Glendening delivers State of the State address.
Governor's Race Close, Poll Says
By Tom Stuckey
In the Mason-Dixon poll, which has a margin of error of plus or minus 3 percentage points, 43 percent of voters said they would vote for Glendening if the election were held today. Forty percent said they would vote for Sauerbrey, and 17 percent said they were undecided.
That is a swing of six points in Glendening’s favor since a July poll, when the voters split 45 percent to 42 percent in Sauerbrey’s favor. But both polls are considered a statistical tie.
The poll also gave Glendening and Sauerbrey big leads over party rivals in primary election matchups, with Ms. Sauerbrey getting support from 58 percent of likely Republican voters and Glendening 43 percent of Democratic voters.
Howard County Executive Charles Ecker, Sauerbrey’s only opponent, drew support from 12 percent of Republicans, with 30 percent undecided. Harford County Executive Eileen Rehrmann trailed Glendening with support from 17 percent of the voters. The remaining 40 percent of Democrats favored other candidates or were undecided.
The poll, which surveyed 801 people randomly by telephone last Wednesday, Thursday and Friday, was conducted for Maryland Public Television, the Journal newspapers and other media clients.
It was released as Glendening went before the legislature to deliver his annual State of the State address and submit his budget.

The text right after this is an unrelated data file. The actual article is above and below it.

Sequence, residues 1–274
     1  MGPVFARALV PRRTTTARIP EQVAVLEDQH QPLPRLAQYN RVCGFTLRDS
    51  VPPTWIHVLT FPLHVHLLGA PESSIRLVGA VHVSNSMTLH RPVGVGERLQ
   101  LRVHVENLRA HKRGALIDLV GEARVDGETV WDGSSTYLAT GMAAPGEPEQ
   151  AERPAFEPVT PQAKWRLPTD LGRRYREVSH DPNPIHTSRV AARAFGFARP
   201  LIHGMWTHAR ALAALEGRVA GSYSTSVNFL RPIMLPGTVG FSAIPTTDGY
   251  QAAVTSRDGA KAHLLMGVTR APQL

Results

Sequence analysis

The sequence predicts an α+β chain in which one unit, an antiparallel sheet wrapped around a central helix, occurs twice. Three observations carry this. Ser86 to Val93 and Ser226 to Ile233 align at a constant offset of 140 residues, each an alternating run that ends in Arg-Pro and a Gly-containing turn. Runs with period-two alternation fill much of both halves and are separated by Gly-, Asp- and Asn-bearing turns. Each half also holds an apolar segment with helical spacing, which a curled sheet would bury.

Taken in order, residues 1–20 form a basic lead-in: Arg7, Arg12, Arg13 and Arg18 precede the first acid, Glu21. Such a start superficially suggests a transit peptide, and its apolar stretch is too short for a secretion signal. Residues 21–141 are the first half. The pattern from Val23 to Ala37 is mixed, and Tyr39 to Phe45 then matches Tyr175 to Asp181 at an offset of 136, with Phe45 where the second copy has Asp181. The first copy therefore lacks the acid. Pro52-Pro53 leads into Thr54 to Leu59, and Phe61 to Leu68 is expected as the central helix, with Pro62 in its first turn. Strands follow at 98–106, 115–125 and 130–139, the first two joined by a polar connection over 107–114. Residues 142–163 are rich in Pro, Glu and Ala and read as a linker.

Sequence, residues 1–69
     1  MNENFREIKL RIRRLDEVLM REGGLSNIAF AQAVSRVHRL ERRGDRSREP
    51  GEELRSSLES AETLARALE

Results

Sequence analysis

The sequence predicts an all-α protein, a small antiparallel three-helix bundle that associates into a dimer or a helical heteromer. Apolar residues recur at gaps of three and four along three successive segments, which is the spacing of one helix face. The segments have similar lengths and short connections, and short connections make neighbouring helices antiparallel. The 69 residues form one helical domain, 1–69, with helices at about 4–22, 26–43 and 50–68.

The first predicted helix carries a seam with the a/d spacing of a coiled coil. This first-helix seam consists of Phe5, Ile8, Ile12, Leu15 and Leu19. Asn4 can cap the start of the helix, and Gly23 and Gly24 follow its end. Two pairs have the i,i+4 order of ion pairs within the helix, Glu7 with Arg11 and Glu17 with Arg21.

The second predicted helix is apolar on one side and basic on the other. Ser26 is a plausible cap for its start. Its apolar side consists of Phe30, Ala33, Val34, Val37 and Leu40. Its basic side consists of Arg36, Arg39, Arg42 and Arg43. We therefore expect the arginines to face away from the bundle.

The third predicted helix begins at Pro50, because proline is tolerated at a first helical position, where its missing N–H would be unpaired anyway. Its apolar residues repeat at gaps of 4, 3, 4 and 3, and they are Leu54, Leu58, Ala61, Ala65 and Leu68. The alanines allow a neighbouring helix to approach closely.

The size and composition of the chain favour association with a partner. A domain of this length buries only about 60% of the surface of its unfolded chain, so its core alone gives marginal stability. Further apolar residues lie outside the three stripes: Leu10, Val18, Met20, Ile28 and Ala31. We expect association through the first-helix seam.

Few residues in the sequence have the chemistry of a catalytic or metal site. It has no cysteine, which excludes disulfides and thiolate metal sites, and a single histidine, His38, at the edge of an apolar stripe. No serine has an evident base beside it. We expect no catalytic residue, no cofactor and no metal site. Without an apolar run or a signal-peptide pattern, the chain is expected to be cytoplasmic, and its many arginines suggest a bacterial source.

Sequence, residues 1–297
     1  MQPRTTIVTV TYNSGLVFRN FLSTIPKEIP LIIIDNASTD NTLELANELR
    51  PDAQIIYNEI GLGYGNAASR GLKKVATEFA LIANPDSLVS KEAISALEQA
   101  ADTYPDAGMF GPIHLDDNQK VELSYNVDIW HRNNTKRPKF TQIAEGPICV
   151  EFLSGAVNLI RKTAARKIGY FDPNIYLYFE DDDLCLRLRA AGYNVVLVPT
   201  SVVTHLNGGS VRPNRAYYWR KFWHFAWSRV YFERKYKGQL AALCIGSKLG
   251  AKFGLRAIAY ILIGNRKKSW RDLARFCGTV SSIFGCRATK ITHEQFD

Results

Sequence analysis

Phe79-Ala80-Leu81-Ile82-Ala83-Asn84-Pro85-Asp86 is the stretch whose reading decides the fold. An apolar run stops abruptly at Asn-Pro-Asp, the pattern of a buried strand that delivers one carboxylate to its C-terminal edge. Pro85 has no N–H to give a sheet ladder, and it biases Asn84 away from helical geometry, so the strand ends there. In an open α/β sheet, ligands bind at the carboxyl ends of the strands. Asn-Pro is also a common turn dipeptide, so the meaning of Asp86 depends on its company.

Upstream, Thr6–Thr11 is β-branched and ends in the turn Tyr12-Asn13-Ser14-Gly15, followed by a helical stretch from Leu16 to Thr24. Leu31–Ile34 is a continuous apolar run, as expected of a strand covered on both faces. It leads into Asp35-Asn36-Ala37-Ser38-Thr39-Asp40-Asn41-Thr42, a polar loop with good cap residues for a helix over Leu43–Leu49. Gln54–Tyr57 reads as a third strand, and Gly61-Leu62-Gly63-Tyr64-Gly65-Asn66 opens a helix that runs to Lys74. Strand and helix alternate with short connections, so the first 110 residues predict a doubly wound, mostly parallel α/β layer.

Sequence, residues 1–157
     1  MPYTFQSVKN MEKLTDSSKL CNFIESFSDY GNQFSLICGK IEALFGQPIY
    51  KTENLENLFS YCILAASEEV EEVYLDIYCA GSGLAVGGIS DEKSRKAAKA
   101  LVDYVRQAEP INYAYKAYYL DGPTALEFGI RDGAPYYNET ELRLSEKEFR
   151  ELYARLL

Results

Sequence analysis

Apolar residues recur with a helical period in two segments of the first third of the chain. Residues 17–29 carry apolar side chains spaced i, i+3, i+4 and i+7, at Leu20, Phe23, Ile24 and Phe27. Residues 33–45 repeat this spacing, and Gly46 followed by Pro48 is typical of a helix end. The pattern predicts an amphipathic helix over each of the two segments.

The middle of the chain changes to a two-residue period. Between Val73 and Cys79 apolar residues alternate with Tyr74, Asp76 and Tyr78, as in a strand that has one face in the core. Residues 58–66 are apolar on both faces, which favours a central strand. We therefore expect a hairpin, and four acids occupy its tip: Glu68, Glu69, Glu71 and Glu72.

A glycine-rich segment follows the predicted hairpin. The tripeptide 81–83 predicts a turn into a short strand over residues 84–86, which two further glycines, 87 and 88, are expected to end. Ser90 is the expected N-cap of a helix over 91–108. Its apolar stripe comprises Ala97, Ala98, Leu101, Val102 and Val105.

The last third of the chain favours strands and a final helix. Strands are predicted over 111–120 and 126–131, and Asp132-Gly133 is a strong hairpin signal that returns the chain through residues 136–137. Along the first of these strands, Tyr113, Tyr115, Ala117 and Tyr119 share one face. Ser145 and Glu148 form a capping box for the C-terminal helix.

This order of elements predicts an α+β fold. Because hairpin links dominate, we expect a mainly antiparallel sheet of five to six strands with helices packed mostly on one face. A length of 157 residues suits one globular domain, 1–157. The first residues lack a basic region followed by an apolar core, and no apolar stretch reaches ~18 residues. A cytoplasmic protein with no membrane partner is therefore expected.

In the 40-minute speech, the governor talked about the state’s economic rebound during his administration, and outlined accomplishments of the last three years in areas such as education and crime.
But the focus of the speech was on the Pfiesteria problem. The microbe killed fish, closed rivers and sickened people who came into contact with infected waters last summer on the Eastern Shore.
Glendening said the state will work with the poultry industry to come up with alternative uses for nutrient-rich manure instead of using it as a farm fertilizer. He said the state will make significant investments to break the cycle of growth of the Pfiesteria microbe in the Chesapeake Bay.
Tim Phillips, Glendening’s campaign manager, discounted the importance of the Mason-Dixon poll, saying, “early polls don’t really mean much.”
He said once voters focus on the record of Glendening and Lt. Gov. Kathleen Kennedy Townsend, “they are going to vote to re-elect the governor.”
Carol Hirschburg, spokeswoman for the Sauerbrey campaign, said the poll demonstrates Ms. Sauerbrey’s broad-based support and also “shows that Glendening is very disliked.”
“The most striking thing about the poll is that Glendening just isn’t moving ahead as the incumbent governor who’s had three years to show the people what he can do,” she said.
Del Ali, senior vice president of Mason-Dixon, said Glendening’s problem is “a credibility problem, a likeability problem.”
He said the governor should be worried that his numbers are not going up despite his successes in the legislature last year, a healthy state economy, a tax cut and a falling crime rate.
But despite the poll numbers, Ali said Sauerbrey is still the underdog in a Democratic state that is a little to the left of center.
“If she starts seeing herself as the frontrunner, she’s going to lose,” he said.
The relative standing of Glendening and Sauerbrey has remained relatively constant since the primary election in 1994.
In eight of nine polls taken by Mason-Dixon since the primary, only one showed the two candidates more than seven percentage points apart. That was in January, 1995, shortly after the election, when Glendening opened up a 20 point margin that slid to 4 percentage points.
© Copyright 1998 The Associated Press